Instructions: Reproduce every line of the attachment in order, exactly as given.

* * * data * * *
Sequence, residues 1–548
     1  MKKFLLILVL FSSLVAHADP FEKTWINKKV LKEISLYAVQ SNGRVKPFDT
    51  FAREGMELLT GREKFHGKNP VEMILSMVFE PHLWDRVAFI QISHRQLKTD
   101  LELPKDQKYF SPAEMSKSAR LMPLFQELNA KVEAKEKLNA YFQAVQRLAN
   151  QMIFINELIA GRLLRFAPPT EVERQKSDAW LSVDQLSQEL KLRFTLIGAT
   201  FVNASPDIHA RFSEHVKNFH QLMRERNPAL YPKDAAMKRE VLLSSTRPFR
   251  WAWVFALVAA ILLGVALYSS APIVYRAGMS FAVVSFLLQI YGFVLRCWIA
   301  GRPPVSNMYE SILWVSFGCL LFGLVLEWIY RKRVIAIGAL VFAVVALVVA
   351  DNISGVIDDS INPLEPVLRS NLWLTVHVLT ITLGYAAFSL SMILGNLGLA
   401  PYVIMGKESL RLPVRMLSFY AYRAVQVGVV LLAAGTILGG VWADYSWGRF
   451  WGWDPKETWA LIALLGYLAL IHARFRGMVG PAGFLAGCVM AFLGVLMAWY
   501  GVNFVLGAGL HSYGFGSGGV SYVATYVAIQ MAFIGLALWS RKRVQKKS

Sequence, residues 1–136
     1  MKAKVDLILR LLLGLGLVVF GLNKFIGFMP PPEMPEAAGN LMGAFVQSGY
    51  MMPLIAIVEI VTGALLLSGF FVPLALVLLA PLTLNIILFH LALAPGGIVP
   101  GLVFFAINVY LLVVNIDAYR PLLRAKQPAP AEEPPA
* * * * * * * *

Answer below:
Sequence, residues 1–548
     1  MKKFLLILVL FSSLVAHADP FEKTWINKKV LKEISLYAVQ SNGRVKPFDT
    51  FAREGMELLT GREKFHGKNP VEMILSMVFE PHLWDRVAFI QISHRQLKTD
   101  LELPKDQKYF SPAEMSKSAR LMPLFQELNA KVEAKEKLNA YFQAVQRLAN
   151  QMIFINELIA GRLLRFAPPT EVERQKSDAW LSVDQLSQEL KLRFTLIGAT
   201  FVNASPDIHA RFSEHVKNFH QLMRERNPAL YPKDAAMKRE VLLSSTRPFR
   251  WAWVFALVAA ILLGVALYSS APIVYRAGMS FAVVSFLLQI YGFVLRCWIA
   301  GRPPVSNMYE SILWVSFGCL LFGLVLEWIY RKRVIAIGAL VFAVVALVVA
   351  DNISGVIDDS INPLEPVLRS NLWLTVHVLT ITLGYAAFSL SMILGNLGLA
   401  PYVIMGKESL RLPVRMLSFY AYRAVQVGVV LLAAGTILGG VWADYSWGRF
   451  WGWDPKETWA LIALLGYLAL IHARFRGMVG PAGFLAGCVM AFLGVLMAWY
   501  GVNFVLGAGL HSYGFGSGGV SYVATYVAIQ MAFIGLALWS RKRVQKKS

Sequence, residues 1–136
     1  MKAKVDLILR LLLGLGLVVF GLNKFIGFMP PPEMPEAAGN LMGAFVQSGY
    51  MMPLIAIVEI VTGALLLSGF FVPLALVLLA PLTLNIILFH LALAPGGIVP
   101  GLVFFAINVY LLVVNIDAYR PLLRAKQPAP AEEPPA